FileMaker 12: What's New?

By Craig Saunders, 12 April 2012

We're all buzzing about the new version of FileMaker that has just been released. There are all sorts of goodies for you as users and us as developers (and there are a few gotchas you should be aware of too).

Let's start with the cool stuff for you:

Containers, those fields that house photos and graphical data, are now easier to manage when they're stored externally. FileMaker Pro and FileMaker Server can keep all of your documents in a single location on the Server (or locally) and can encrypt them. The end result is that database files are smaller and so faster to back up, and all your files are stored in one place, rather than all over the place. Containers have also been optimized in 12 to be much faster to load, and are now capable of streaming audio and video, as well as displaying PDF's directly in the container. And you can drag 'n drop into containers now.

Progressive Backups are now possible, meaning that only what has changed since the last backup needs to be backed up. If you have a large database, you'll see major speed improvements in the time it takes for you to do a backup.

Graphs have been given expanded capability and a new user interface, so you may find that a graph that we couldn't do before is now possible.

FileMaker Go, the FileMaker application for iPads and iPhones, has been brought into feature parity with FileMaker, meaning fewer limitations on that side of the fence.

Web Publishing: there's been a complete rewrite of the FileMaker Web Publishing engine, to get better performance for Custom Web Publishing. The speed improvement is touted to be up to 100 times faster.

For us as developers and for those of you who like to get your hands dirty, here are a few of of our favourite new features:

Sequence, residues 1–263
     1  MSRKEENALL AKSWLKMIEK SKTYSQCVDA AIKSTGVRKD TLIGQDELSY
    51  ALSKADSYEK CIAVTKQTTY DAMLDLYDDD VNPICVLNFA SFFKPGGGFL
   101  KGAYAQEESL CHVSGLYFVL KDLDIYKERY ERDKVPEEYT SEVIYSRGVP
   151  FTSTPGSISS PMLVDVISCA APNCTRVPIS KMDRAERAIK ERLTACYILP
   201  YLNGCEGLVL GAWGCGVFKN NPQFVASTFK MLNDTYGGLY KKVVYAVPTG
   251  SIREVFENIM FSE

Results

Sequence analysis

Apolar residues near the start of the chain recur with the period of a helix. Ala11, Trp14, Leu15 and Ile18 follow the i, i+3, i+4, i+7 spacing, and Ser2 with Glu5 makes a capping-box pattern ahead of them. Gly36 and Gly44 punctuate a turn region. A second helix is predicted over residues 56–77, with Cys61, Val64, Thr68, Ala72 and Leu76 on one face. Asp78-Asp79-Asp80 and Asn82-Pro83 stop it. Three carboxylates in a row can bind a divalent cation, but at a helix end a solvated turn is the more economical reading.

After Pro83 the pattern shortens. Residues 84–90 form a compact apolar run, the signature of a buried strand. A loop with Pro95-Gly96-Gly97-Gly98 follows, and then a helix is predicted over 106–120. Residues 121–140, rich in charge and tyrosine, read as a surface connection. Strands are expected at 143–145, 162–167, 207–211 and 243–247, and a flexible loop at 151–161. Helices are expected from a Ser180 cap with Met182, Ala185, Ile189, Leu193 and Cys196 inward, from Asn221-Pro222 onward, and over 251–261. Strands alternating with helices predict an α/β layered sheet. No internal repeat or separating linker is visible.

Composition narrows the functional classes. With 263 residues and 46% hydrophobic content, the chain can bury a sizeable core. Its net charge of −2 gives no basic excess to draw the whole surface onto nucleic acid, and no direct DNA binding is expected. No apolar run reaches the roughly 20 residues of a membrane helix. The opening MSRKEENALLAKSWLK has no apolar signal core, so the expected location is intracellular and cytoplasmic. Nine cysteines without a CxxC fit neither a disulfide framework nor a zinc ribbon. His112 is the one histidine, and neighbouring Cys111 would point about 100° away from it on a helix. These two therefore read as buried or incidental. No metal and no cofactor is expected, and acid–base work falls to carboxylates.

Layouts based on Web Technology: The Layout engine has been rebuilt based on CSS. This makes possible the styles and alignments described in the next two paragraphs. It also raises the hope that in the future, CSS-savvy developers might be able to make changes of their own, including designing customised database themes.

Object Styles: A bit like conditional formatting taken to new heights: you can specify different styles/colours for a button (or other object) when it is in focus, hovered over, pressed, or just sitting there. And colour gradients and transparency are available for the first time too.

Aligning Objects: Guides that are local to a layout or global to all layouts in the database are now possible. It's much easier to keep the look and feel more uniform across a database. And FileMaker makes a real effort to help you keep fields aligned and buttons or fields of uniform size with its dynamic guidelines and same-size recognition.

Execute SQL function: FileMaker is signalling greater support for SQL by expanding the existing Execute SQL from a script step that can only be used on external ODBC data to a function that can be used to query FileMaker databases. This means that records from unrelated tables can be queried without having to set up a relationship.

Now the things to be aware of:

  • Mac OSX 10.5 (Leopard) and earlier, and Power PCs are no longer supported, so you won't be able to run FileMaker 12 on a Mac unless it's OS 10.6 (Snow Leopard) or later. Macs bought in 2009 or later should be fine (i.e. have 10.6) and older ones bought from 2006 onwards (Intel-based) can be upgraded.
  • FM12 involves a file format change from earlier versions, which means it's not reversible: once you've converted a database, it will be openable in FM12 only.
  • If you have your own FileMaker Server, and you upgrade to 12, you'll need to upgrade your Server too.
  • Conversions go pretty smoothly, but you can expect the odd problem and sometimes these can take a bit of time to resolve.


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